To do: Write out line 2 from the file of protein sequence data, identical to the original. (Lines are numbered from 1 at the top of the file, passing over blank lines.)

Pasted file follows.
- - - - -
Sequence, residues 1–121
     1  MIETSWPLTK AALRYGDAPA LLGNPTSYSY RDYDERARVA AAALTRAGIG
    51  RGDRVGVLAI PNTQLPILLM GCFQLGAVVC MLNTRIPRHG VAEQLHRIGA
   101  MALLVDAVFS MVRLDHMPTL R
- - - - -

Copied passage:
     1  MIETSWPLTK AALRYGDAPA LLGNPTSYSY RDYDERARVA AAALTRAGIG